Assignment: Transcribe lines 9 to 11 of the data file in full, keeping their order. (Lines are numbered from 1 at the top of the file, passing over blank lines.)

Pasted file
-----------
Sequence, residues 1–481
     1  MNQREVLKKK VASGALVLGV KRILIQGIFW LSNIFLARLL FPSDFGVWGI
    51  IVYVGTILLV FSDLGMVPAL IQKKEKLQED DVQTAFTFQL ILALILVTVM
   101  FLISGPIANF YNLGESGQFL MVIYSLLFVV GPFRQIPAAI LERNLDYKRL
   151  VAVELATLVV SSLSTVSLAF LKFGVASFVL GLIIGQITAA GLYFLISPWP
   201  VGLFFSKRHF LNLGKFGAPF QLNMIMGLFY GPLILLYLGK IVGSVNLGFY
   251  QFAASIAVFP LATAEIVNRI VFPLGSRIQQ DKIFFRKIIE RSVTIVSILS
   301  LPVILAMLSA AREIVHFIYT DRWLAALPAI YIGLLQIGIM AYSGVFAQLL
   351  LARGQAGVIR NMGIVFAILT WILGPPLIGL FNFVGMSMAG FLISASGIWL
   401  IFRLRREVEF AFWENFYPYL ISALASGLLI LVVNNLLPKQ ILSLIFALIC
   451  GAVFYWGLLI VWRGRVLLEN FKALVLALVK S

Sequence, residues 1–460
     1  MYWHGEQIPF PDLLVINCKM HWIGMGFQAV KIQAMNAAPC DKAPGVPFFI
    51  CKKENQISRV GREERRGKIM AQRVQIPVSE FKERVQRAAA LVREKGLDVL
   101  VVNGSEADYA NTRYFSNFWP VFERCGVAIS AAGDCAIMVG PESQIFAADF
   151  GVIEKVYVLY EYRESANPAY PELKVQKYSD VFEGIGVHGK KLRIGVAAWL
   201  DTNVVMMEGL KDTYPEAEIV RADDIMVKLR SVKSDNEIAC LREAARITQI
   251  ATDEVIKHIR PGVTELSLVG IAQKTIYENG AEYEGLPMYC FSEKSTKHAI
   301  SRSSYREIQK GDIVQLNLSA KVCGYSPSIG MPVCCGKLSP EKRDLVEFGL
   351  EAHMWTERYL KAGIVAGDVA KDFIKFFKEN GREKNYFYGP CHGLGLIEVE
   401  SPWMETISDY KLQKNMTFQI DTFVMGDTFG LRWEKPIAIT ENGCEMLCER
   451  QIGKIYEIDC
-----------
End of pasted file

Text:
   351  LARGQAGVIR NMGIVFAILT WILGPPLIGL FNFVGMSMAG FLISASGIWL
   401  IFRLRREVEF AFWENFYPYL ISALASGLLI LVVNNLLPKQ ILSLIFALIC
   451  GAVFYWGLLI VWRGRVLLEN FKALVLALVK S